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Psallam spiritu et mente

Ralph Vaughan Williams
Extracts from his prefaces to The English Hymnal and Songs of Praise

In Christian song Churches have forgotten their quarrels and men have lost their limitations, because they have reached the higher ground where the soul is content to affirm and to adore. The hymns of Christendom show more clearly than anything else that there is even now such a thing as the unity of the Spirit. ... The best hymns of Christendom are as free as the Bible from the self-centred sentimentalism, the weakness and unreality which mark inferior productions. ... The average congregation likes fine melody when it can get it, but it is apt to be undiscriminating, and will often take to bad melody when good is not forthcoming. Is it not worth while making a vigorous effort to-day for the sake of establishing a good tradition? Especially should this be the case with children's hymns ... (because) incalculable good or harm may be done by the music which they sing in their most impressionable years. (EH 1906)

Choirs would be much better occupied in learning beautiful (chorale) settings of Bach ... than in rehearsing vulgar anthems by indifferent composers. (ibid)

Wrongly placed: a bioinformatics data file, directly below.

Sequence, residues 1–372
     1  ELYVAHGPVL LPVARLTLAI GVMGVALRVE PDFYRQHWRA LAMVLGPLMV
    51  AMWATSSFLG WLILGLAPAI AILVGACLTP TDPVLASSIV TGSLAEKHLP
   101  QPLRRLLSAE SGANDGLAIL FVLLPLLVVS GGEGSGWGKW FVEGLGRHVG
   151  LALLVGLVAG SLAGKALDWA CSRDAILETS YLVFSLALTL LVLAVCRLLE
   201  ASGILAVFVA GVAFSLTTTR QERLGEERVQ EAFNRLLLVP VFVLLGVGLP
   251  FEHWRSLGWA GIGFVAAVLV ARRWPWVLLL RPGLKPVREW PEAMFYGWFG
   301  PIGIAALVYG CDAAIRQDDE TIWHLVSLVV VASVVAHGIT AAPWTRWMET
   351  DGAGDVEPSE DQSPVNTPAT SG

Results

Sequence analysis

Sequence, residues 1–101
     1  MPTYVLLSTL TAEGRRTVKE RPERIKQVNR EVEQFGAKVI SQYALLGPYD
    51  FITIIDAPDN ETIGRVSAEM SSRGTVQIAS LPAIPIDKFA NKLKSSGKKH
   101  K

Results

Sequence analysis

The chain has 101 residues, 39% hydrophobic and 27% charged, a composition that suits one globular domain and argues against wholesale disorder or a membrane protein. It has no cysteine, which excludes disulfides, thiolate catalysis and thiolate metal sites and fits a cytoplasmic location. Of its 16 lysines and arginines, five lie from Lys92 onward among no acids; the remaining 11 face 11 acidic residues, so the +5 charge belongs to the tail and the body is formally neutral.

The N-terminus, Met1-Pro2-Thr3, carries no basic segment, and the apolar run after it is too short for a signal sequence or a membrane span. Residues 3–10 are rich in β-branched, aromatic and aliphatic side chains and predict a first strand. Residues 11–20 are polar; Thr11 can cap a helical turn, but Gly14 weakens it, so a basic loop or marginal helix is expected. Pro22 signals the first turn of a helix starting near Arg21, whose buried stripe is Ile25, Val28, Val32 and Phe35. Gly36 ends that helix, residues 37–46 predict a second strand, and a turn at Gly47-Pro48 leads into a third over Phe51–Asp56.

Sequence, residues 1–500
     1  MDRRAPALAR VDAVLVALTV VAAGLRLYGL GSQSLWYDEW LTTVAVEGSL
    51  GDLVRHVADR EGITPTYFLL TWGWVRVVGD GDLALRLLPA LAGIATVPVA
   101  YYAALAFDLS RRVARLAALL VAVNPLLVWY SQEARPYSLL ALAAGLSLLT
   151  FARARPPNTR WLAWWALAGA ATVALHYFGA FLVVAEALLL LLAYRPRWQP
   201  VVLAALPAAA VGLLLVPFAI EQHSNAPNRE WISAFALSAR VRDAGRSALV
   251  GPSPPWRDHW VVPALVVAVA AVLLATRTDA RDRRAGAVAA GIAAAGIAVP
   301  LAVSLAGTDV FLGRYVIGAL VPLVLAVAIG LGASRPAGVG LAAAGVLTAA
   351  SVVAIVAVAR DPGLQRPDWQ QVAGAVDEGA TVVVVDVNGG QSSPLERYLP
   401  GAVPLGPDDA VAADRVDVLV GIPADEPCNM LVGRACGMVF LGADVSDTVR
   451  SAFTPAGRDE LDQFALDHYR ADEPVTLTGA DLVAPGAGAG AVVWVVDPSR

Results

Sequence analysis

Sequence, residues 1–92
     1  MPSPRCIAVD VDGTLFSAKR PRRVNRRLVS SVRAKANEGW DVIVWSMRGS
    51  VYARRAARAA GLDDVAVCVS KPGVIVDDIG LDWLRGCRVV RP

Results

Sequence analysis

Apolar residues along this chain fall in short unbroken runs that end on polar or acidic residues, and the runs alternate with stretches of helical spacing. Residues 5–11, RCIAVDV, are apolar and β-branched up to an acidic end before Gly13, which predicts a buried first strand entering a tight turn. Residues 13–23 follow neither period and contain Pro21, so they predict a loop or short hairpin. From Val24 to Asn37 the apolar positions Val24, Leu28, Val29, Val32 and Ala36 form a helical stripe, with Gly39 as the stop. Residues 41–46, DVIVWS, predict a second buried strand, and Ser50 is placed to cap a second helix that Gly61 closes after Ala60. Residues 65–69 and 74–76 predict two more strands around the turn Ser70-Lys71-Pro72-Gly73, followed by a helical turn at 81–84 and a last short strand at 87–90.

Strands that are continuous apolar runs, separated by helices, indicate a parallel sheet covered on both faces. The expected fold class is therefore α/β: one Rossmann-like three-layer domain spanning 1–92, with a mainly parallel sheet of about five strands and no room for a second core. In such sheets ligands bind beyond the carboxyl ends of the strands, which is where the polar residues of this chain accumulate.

The present generation desires to enter into the heritage of noble religious verse which is ours ... by right of the great poetry in which the English tongue is supreme, by right also of the magnificent prose which since Coverdale and Cranmer has formed the substance of our Christian worship, though it was never adequately matched by the hymns in common use. ... Our newer hymnals have shown courage in replacing many weak and poor hymns by words and music more worthy of our great traditions and more suitable to be used in the worship of God. (SoP 1925)

Our churches, both Anglican and Free Church, have alienated during the last half-century much of the strongest character and intelligence of the Nation by the use of weak verse and music, and ... the process of attraction or repulsion takes place every time a service is held. ... Young people who have learnt better things at school will not be content to revert to a poorer standard in church. ... In the future, intelligent men will be able to take up a hymn-book and read it with as much interest and appreciation as any other collection of poetry or music. (SoP 1931)

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